1

When an adjective is used to describe an action, a verb, it becomes an adverb and is added a -ly. And so, these two sentences should be correct:

It was an intended act.

I intendedly did it.

Now, the word ill-intended basically refers to something being done with bad/malicious intent, with an evil motive. Can I use the same grammar on this word - can the word ill-intended directly replace intended in a sentence?

It was an ill-intended act.

I ill-intendedly did it.

I can't find descriptions and definitions of ill-intendedly when searching, but it seems to be a proper sentence. What is your view on this?

  • 1
    “I did it with ill intent” is perhaps the more common way that I would think to say this. – Fogmeister Dec 29 '19 at 13:02
  • "Maliciously" is a perfectly good word meaning with ill intent. – the-baby-is-you Dec 30 '19 at 4:18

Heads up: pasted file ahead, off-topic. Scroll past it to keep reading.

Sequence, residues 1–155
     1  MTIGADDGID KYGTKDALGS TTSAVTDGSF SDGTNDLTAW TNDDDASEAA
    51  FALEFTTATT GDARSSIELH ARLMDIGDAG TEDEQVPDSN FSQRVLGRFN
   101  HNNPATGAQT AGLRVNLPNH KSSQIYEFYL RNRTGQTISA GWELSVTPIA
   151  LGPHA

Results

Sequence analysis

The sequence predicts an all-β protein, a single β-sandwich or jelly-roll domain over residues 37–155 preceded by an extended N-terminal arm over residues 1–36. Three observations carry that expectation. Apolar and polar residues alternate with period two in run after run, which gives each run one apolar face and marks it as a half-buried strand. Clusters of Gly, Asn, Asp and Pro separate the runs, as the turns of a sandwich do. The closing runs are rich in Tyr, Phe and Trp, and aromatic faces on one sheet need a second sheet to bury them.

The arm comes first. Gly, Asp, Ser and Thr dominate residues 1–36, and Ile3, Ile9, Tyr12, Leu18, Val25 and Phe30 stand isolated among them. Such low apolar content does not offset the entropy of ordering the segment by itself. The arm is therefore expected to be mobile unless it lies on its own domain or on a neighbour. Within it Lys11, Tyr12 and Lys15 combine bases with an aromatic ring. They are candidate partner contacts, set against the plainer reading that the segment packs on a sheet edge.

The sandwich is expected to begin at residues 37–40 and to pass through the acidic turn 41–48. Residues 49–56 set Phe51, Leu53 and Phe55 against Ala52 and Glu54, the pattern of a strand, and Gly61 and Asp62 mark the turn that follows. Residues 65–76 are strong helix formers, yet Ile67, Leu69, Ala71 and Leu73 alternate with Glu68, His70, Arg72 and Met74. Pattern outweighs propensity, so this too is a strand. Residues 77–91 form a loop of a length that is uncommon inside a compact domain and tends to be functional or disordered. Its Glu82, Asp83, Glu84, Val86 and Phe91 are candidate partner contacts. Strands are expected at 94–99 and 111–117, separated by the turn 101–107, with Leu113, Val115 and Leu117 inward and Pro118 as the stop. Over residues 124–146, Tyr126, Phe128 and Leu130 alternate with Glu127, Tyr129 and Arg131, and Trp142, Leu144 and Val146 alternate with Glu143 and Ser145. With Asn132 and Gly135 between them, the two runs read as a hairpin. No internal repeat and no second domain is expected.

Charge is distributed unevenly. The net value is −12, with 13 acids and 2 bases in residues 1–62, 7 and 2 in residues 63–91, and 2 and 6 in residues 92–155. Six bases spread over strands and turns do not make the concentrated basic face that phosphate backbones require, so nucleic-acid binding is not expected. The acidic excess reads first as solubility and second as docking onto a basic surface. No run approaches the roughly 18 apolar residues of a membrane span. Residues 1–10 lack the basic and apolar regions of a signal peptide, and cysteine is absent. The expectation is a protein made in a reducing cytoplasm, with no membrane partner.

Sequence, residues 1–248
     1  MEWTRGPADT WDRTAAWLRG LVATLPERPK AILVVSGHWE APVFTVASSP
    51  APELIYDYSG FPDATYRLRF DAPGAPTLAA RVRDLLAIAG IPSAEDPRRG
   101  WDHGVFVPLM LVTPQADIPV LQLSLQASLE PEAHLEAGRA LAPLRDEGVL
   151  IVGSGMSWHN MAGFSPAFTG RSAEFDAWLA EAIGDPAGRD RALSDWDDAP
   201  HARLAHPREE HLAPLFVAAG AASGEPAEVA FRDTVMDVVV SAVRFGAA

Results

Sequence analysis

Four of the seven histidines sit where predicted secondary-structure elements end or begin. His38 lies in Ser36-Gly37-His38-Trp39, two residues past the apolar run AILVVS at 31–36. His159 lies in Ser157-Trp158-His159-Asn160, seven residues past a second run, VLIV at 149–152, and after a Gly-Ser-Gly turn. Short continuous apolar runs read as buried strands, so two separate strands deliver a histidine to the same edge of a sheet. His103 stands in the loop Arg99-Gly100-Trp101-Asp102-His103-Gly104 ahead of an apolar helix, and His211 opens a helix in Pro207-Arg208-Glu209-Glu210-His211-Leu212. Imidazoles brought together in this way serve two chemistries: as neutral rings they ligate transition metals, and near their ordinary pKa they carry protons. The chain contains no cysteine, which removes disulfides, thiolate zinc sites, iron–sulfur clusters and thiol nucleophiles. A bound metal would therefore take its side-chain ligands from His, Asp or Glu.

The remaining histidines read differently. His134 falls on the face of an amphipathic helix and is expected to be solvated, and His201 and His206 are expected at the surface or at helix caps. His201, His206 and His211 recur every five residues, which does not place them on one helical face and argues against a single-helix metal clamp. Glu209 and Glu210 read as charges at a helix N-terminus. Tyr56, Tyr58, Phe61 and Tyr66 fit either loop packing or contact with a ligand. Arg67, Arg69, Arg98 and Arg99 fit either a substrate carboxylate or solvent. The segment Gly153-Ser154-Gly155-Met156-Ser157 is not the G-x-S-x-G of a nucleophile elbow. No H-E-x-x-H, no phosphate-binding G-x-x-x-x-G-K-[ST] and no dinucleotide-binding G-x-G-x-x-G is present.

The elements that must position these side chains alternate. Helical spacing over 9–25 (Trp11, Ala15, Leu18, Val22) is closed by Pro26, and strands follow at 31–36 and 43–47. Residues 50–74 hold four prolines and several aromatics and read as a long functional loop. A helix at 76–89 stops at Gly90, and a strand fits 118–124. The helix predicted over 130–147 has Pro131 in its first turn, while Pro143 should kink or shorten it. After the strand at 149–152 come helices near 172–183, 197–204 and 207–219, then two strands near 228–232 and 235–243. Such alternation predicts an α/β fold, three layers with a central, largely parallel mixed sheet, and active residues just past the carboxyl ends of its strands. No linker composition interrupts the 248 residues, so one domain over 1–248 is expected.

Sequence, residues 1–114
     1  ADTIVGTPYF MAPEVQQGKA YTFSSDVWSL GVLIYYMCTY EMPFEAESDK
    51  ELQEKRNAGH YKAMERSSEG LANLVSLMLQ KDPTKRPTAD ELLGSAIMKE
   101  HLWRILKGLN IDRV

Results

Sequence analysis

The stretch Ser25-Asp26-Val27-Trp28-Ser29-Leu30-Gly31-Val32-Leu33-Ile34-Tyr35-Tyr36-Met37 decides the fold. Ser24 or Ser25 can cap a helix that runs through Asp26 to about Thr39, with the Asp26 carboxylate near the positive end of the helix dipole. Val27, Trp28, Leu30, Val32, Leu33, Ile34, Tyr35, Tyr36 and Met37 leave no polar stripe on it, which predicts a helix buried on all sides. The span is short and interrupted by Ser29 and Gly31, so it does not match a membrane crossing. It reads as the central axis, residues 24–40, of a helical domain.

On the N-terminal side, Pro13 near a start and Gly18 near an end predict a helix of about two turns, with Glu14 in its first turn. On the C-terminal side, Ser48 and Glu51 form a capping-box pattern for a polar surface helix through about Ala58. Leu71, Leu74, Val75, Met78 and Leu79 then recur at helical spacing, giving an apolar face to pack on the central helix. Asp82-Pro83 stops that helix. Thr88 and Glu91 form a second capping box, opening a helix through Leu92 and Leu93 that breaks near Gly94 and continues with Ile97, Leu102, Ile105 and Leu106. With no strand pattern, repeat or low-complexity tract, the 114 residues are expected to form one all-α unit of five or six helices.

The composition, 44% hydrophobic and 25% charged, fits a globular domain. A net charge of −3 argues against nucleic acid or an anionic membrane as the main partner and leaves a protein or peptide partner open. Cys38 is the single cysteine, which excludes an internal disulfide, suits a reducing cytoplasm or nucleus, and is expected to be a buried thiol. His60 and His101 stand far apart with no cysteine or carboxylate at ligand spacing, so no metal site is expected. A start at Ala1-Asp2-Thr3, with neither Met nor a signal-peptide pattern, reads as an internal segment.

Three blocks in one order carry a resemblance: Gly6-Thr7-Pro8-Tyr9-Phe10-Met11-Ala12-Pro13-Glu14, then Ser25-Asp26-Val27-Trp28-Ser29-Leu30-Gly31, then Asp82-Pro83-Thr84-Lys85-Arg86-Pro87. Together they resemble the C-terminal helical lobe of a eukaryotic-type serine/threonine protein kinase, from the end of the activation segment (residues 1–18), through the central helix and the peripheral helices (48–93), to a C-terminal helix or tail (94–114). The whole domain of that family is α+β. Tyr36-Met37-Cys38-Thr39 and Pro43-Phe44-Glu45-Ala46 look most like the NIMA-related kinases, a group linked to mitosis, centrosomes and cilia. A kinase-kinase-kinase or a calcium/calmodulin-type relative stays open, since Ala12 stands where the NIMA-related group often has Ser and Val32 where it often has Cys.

2

Because participles can play a role as adjectives, they can be formed into adverbs.

Drunkenly

is an example that is used with fair frequency. However, the formation of adverbs from perfect participles seems to be rare; what is far more common is the formation of adverbs from present participles. I have no explanation for this; it is simply a personal observation.

Ill-intendedly

may be grammatical, but it certainly is neither idiomatic nor euphonious. For one thing, "intentionally" forms an equivalent adverb to "intendedly" without forming an adverb from a perfect participle. For another "ill-intended" is a compound of adverb and adjective using an adverb that is very odd in having identical adjectival and adverbial forms.

I think I would say

I did it with ill intent

using an adverbial phrase rather than a weird adverb.

  • From what you are saying, is it correctly understood that ill-intendedly is not strictly wrong, but not commonly (never) used? – Steeven Dec 29 '19 at 16:26
  • I have never heard it or seen it used. In that sense, it is not idiomatic. It does not, as far as I can see, violate any rule on forming words in English. Because there are alternatives to this non-idiomatic word, I'd recommend avoiding it completely. – Jeff Morrow Dec 30 '19 at 0:47

Your Answer

By clicking “Post Your Answer”, you agree to our terms of service, privacy policy and cookie policy

Not the answer you're looking for? Browse other questions tagged or ask your own question.